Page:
It’s true that television shows exist in a heightened world. They aren’t necessarily supposed to be realistic, although even the realistic ones, such as the British version of The Office, still lay an unusual amount of problems at the feet of its characters. Why? It generates conflict, and raises the stakes and all that good stuff. And it’s easier to write stories and craft jokes around a bad date than a good date. If somebody loses a job, it shakes up the show, and makes everything that much crazier within this world. Then, in the end, we get the spate of marriages in the forest, more often than not, where the characters do achieve their happiness. Liz Lemon gets James Marsden. Frasier Crane gets Laura Linney. Michelle gets over her amnesia and everybody in the Tanner family is happy. It provides delayed gratification for the viewer, who does want the character to be happy. You keep us waiting for that, and then when it happens, it represents a triumph for the character, and for the viewer.
While all of this is true, it doesn’t change anything about the overarching premise of this piece—sitcom characters live lives of unrelatable stress and strain, to the point where these storylines are becoming complete tropes. Decades of television would argue that this isn’t necessarily a major issue. Plus, if you go too far the other way, you end up with Entourage, which is largely terrible. This point really works as nothing more than an amusing novelty, a chance to step back and really scrutinize the television universe and to come away with a laugh, kind of like when somebody points out that Indiana Jones is useless in Raiders of the Lost Ark. Still, I’d like to think there is a bit of something real and tangible here. If television wants to be relatable, as a lot of sitcoms do, shouldn’t the characters live in something more approaching the real world? Shouldn’t we feel like the lives of these characters are plausible? People scoff at the size of Rachel and Monica’s apartment. Shouldn’t they also scoff at the sheer number of sticky situations they get into? Where is the line of plausibility we are drawing in the sand?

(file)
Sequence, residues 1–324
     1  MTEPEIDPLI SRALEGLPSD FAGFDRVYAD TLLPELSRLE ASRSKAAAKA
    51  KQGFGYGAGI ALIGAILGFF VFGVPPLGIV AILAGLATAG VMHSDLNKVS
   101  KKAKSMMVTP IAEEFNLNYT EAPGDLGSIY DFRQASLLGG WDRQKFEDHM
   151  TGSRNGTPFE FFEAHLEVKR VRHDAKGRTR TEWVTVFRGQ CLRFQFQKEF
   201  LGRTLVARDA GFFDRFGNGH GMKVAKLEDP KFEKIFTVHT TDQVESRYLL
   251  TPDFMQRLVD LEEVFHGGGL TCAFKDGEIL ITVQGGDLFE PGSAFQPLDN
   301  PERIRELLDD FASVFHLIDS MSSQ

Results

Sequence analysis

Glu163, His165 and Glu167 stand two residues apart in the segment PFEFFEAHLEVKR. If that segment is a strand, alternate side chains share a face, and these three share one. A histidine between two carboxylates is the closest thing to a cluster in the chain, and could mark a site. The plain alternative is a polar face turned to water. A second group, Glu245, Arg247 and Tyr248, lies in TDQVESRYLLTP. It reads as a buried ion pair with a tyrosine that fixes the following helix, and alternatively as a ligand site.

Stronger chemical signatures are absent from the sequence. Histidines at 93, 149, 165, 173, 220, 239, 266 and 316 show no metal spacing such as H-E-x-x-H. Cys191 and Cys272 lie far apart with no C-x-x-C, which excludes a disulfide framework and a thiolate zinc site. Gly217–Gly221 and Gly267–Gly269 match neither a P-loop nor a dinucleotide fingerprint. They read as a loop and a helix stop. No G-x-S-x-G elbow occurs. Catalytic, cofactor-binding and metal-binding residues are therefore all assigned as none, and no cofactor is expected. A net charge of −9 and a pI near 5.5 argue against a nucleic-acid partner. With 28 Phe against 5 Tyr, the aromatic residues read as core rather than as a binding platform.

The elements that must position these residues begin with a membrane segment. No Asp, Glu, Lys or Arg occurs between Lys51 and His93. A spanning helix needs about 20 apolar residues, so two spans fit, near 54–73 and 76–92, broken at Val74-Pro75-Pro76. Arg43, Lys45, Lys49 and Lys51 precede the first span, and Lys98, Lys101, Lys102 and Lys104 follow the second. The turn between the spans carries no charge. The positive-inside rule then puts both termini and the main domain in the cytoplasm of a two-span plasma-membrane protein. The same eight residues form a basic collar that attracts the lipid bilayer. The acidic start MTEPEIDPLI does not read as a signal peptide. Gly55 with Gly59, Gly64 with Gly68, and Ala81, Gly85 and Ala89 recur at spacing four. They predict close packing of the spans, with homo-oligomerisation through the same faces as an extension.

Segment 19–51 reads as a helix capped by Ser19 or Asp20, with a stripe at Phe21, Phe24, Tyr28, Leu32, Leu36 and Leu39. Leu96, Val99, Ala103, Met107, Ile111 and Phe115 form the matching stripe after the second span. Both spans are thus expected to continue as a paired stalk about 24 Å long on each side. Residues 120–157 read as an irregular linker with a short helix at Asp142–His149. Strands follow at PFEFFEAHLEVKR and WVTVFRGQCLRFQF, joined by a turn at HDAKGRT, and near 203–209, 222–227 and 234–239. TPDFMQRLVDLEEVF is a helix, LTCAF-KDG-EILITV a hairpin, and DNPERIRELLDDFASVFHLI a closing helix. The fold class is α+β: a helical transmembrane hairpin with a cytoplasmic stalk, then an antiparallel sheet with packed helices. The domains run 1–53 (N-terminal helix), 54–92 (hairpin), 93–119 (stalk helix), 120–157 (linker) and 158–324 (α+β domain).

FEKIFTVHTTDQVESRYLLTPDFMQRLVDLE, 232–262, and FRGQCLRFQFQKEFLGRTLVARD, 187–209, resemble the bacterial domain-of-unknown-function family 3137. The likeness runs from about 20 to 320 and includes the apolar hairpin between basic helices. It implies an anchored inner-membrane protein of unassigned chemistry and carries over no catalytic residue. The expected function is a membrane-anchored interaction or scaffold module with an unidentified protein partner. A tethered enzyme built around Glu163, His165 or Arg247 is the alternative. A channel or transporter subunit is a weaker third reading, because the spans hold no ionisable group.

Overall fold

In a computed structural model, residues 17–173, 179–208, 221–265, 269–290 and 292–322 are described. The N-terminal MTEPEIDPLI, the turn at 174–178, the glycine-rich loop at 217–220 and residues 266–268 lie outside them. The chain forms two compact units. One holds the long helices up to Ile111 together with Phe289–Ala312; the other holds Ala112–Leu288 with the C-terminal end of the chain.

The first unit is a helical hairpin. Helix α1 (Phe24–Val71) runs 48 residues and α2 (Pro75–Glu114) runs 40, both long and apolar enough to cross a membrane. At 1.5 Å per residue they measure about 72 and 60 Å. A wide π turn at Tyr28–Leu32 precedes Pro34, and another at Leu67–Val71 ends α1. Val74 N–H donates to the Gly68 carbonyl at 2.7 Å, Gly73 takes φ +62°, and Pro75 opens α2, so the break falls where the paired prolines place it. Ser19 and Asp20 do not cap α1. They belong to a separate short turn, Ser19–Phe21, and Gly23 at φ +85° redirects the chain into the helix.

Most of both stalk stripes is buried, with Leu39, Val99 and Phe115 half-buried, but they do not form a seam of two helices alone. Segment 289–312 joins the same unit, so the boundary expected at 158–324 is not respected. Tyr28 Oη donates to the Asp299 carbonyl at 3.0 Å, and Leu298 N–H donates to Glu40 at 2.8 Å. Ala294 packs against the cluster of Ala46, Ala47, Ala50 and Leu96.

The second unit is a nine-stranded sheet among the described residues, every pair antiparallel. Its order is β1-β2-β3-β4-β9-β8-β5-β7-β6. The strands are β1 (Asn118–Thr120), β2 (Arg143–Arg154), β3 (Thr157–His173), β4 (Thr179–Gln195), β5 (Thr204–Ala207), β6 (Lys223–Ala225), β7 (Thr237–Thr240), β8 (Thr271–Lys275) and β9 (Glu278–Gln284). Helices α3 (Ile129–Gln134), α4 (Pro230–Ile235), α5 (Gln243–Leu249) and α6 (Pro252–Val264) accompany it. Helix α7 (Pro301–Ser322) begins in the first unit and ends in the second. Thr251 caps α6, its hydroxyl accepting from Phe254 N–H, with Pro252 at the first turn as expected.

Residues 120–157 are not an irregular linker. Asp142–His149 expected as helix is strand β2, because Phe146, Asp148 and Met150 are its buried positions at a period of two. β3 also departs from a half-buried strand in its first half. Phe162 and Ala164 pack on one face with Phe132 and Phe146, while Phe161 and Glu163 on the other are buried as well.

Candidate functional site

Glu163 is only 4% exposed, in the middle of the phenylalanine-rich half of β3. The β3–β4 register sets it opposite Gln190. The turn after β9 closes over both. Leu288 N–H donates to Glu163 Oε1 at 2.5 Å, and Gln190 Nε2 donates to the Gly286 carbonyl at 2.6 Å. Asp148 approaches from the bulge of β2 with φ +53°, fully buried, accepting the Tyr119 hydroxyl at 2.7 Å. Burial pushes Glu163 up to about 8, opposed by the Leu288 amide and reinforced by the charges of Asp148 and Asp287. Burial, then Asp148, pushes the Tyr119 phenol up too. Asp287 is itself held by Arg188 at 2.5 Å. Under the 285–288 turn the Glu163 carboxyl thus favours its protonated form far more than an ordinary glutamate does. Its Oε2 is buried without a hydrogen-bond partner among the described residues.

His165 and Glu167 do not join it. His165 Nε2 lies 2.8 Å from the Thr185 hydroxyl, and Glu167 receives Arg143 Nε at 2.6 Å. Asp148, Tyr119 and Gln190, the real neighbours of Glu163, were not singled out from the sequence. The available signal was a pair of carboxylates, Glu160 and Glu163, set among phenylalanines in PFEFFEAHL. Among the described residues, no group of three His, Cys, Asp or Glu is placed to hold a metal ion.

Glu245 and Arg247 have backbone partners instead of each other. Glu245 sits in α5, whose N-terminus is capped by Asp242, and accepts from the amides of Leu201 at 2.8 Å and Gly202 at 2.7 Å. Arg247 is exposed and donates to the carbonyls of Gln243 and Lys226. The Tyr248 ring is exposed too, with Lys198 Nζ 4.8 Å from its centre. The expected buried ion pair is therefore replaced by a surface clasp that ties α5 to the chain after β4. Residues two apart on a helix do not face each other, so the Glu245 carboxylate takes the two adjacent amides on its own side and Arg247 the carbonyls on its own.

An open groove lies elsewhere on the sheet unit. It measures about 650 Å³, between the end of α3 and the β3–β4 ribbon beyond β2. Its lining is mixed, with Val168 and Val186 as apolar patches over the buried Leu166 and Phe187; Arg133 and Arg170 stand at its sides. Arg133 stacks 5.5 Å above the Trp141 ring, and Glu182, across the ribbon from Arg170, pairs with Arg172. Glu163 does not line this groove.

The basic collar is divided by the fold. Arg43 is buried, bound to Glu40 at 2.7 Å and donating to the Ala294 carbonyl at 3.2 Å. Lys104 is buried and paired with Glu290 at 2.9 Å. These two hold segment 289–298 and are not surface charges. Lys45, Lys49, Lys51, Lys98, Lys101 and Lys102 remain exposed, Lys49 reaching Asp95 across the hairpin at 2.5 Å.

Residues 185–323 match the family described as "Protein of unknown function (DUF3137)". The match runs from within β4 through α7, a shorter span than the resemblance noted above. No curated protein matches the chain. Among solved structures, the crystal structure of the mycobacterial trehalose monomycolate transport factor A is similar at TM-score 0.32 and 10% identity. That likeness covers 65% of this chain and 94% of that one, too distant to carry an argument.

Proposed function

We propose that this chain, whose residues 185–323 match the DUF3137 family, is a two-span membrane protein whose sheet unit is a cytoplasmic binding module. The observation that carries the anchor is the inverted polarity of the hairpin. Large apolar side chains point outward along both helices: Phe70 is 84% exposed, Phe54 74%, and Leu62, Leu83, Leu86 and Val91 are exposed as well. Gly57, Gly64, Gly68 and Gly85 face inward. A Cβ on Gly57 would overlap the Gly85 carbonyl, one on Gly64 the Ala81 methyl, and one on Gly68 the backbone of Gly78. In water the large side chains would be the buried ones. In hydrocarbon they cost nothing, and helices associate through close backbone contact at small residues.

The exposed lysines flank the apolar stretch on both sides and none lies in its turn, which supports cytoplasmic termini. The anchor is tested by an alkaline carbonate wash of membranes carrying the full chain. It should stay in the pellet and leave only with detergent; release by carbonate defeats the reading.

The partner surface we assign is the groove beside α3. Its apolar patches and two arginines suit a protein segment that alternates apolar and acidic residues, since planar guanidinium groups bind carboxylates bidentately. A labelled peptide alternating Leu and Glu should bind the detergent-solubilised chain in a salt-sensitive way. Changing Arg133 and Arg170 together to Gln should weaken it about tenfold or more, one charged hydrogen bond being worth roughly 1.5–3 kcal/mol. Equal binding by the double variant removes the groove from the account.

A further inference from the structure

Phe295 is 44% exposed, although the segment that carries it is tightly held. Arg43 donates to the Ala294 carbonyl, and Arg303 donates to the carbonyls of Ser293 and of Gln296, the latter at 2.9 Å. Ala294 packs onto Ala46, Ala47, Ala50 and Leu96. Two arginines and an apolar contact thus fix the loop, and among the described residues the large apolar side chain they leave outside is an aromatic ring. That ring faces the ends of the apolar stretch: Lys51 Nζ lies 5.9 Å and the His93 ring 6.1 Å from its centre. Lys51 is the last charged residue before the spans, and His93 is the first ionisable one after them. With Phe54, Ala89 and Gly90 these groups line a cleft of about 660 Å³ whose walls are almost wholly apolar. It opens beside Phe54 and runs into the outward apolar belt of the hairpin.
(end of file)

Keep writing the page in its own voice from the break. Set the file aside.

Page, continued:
Maybe showrunners need to go to the usual wells less often. If so many of these shows devolve, for better or worse, into hangout shows, maybe they can just hang out, be funny and likeable characters, and have something approaching a realistic life—is that too much (or too little) to ask? Every sitcom character doesn’t need to go through the wringer episode in and episode out. Their luck doesn’t need to be improbably poor. If a show’s goal is to make the viewer want the characters to find happiness, perhaps it makes sense for them to actually be happy every now and again? As things stand, sitcoms almost serve as low grade science fiction. They exist in a world we can comprehend and understand, but also one where 99 percent of dates end in disaster and every single mother-in-law is a monster.
Chris Morgan is an Internet gadabout who writes on a variety of topics and in a variety of mediums. If he had to select one thing to promote, however, it would be his ’90s blog/podcast, Existential Parachute Pants. (You can also follow him on Twitter.)